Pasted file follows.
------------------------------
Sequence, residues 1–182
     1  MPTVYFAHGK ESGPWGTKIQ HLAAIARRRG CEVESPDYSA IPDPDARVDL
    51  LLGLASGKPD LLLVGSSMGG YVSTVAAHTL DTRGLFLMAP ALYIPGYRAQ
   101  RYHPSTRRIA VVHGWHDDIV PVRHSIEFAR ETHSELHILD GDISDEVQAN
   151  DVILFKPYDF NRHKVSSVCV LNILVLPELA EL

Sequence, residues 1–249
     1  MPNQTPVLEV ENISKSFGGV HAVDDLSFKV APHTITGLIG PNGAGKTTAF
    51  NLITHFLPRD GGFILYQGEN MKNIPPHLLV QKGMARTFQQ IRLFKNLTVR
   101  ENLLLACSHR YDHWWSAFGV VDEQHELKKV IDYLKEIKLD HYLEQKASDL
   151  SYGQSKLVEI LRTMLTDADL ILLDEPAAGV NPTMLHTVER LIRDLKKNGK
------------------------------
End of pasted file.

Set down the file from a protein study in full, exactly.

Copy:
Sequence, residues 1–182
     1  MPTVYFAHGK ESGPWGTKIQ HLAAIARRRG CEVESPDYSA IPDPDARVDL
    51  LLGLASGKPD LLLVGSSMGG YVSTVAAHTL DTRGLFLMAP ALYIPGYRAQ
   101  RYHPSTRRIA VVHGWHDDIV PVRHSIEFAR ETHSELHILD GDISDEVQAN
   151  DVILFKPYDF NRHKVSSVCV LNILVLPELA EL

Sequence, residues 1–249
     1  MPNQTPVLEV ENISKSFGGV HAVDDLSFKV APHTITGLIG PNGAGKTTAF
    51  NLITHFLPRD GGFILYQGEN MKNIPPHLLV QKGMARTFQQ IRLFKNLTVR
   101  ENLLLACSHR YDHWWSAFGV VDEQHELKKV IDYLKEIKLD HYLEQKASDL
   151  SYGQSKLVEI LRTMLTDADL ILLDEPAAGV NPTMLHTVER LIRDLKKNGK